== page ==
If just being executed in Anglo-Saxon England was not bad enough, it seems that those unlucky victims of beheading would also have to deal with an executioner that was not very good at his job. These are some of the findings from a recent article that examined the archaeological evidence of executions in the early Middle Ages.
The study, led by Alyxandra Mattison with colleagues from the United Kingdom and South Africa, was published in Bioarchaeology of Injuries and Violence in Early Medieval Europe. It examines research on ten so-called ‘execution cemeteries’ from Anglo-Saxon England. By the seventh century there is evidence that special unconsecrated burial grounds are being used – these differ from traditional cemeteries in that the bodies are often buried in careless ways, with sometimes multiple people in a single grave or obvious signs of execution. Not all people buried there would have been executed, but these sites offer a chance to understand how executions were carried out.
Using modern osteological analysis, researchers can now do microscopic inspections of bones which can help determine what kinds of injuries are inflicted on people. The skeletal remains had been investigated previously, sometimes decades earlier, but this has often led to errors in explaining how they died. For example, many early reports on executed people claim that they were hanged, but this cannot be verified as during this period the victims would have died by strangulation instead of having their necks broken.
The researchers found dozens of cases where it seems the victim was decapitated, but there seems to have been much variety in how this was done (and how good the executioner was at his job). Many of the people who were killed seemed to have been struck multiple times during their execution.
At Walkington Wold, in northeast England, there was found the skeletal remains of 13 individuals, most without skulls, while eleven skulls were found nearby. One of the skulls, belonging to a person aged 18 to 25, was revealed to have been struck at least three times:
A glancing blow which had exposed an area of diploic bone on the right parietal and occipital, crossing the lambdoid suture; a shallow blow, which had just cut into the occipital to the right of the midline; and a deep blow, which had exposed diploic bone and was associated with two radiating fractures in the centre of the occipital. The blows had all been delivered in an upward direction, indicating the victim was probably bent over with their chin resting on their chest. None of these had resulted in decapitation, although there are consistent with attempts at decapitation, which presumably must have been achieved by a further blow (or blows).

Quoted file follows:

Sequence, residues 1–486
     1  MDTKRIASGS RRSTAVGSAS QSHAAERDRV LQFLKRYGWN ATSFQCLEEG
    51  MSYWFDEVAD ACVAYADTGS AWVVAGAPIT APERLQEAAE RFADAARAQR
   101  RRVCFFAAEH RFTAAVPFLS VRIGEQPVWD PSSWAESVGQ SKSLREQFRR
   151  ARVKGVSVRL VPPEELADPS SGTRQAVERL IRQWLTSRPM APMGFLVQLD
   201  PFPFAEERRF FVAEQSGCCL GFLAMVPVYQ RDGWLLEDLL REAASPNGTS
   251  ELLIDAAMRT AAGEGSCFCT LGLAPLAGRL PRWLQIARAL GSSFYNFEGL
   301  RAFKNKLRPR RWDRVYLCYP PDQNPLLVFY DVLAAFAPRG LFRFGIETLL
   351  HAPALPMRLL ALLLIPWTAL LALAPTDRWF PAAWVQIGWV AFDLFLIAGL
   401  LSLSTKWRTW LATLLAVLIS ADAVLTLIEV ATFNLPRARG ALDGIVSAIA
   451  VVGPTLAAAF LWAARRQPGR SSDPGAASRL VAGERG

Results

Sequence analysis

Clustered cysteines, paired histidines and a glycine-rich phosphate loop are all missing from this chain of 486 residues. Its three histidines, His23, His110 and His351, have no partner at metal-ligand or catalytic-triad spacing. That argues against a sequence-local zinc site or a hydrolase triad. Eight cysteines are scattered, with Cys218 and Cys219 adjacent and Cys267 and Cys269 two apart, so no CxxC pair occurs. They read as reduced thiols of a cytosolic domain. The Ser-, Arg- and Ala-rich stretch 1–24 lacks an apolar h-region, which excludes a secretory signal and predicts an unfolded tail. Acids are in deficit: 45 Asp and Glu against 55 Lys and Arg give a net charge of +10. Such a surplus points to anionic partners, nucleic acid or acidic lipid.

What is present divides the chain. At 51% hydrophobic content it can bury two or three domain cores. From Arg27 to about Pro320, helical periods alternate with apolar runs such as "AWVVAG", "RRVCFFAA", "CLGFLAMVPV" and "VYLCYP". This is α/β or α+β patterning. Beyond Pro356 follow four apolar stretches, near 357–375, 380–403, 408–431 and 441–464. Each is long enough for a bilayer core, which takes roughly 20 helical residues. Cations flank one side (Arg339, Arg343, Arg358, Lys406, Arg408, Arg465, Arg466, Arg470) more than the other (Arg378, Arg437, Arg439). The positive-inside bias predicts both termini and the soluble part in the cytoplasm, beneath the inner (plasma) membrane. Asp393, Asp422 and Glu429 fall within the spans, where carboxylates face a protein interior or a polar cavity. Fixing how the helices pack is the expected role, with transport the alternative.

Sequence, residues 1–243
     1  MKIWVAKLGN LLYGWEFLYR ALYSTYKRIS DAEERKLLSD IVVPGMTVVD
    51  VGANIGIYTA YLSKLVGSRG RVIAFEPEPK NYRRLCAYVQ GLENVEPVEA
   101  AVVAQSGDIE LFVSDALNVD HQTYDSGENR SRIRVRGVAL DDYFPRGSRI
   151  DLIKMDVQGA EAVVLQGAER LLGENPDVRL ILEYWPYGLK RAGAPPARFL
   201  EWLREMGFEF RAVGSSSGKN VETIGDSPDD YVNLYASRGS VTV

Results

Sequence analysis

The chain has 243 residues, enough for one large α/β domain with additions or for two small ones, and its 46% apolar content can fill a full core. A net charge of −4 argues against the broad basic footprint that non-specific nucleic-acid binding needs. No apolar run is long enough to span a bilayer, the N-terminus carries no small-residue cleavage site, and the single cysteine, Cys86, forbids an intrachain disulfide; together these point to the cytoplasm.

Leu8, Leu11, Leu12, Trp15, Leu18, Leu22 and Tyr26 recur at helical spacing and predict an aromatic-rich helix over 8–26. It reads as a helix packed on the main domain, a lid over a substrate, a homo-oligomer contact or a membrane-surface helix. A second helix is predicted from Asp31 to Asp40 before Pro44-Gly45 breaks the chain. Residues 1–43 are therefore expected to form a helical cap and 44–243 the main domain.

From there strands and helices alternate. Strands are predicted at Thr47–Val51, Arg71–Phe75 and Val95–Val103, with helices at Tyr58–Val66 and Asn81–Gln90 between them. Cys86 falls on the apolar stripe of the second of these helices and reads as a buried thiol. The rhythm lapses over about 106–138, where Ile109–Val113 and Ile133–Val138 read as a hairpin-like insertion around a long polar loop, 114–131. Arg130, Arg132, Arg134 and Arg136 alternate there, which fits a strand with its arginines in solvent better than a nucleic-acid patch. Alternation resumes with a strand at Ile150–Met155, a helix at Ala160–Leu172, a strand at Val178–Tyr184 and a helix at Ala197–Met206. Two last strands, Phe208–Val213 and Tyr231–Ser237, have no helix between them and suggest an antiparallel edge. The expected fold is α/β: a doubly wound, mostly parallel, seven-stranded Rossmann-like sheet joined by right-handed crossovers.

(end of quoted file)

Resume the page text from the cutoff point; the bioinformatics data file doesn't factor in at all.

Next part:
Meanwhile, at Roche Court Downs in southern England, there was found between 16 and 18 skeletal remains. In the article, the researchers explain what happened to one victim, who was aged 40 to 45 years old:
The skull of skeleton 18 was placed under the right knee. The axis and one other, unspecified, cervical vertebra were found on the pelvis. It was suggested this was the result of animal disturbance. It probably took two blows to fully sever the head of this individual. a fatal blow removed the spinous process of the atlas and the posterior arch of the axis but would not have decapitated the individual as the blade seems to become fixed in the base of the skull. Further blows removed a fragment of the inferior right edge of the mandible and impacted the right ramus breaking off the condyle in the process. The hands were crossed at the wrists behind the back.
The findings have led the researchers to believe that decapitation was not widely practised in Anglo-Saxon England. Among their other conclusions:
It has also revealed that decapitation was not undertaken in a uniform manner, as the resultant skeleton trauma is diverse. Moreover, in some cases, there were evidently multiple attempts made to achieve the decapitation and the work of an unskilled executioner may be inferred. Together, this may suggest that decapitation was a deterrent to wrongdoing, used occasionally, with heads sometimes displayed as visible manifestations of the fate that might befall others if they transgress.
The article also mentions that while laws from early medieval England do mention other methods of capital punishment – hanging, drowning, stoning, burning, and being thrown off a cliff – it is difficult for archaeologists to determine that this happened to a person. Drowning and hanging, for instance, would rarely cause damage to bones.
The article, “The Osteological Evidence for Execution in Anglo-Saxon England,” by Alyxandra Mattison, Michelle Williams-Ward, Jo Buckberry, Dawn Hadley, and Rachel Holgate, is published in Bioarchaeology of Injuries and Violence in Early Medieval Europe, which includes seven other articles that focus on traumatic violence from Gaul to Greece. Learn more about this book from the publisher’s website.
You can also read Alyxandra Mattison’s Ph.D. dissertation on The Execution and Burial of Criminals in Early Medieval England, c. 850-1150.
Top Image: Skeletons at Walkington Wold – photo by Rod Mackey / Wikimedia Commons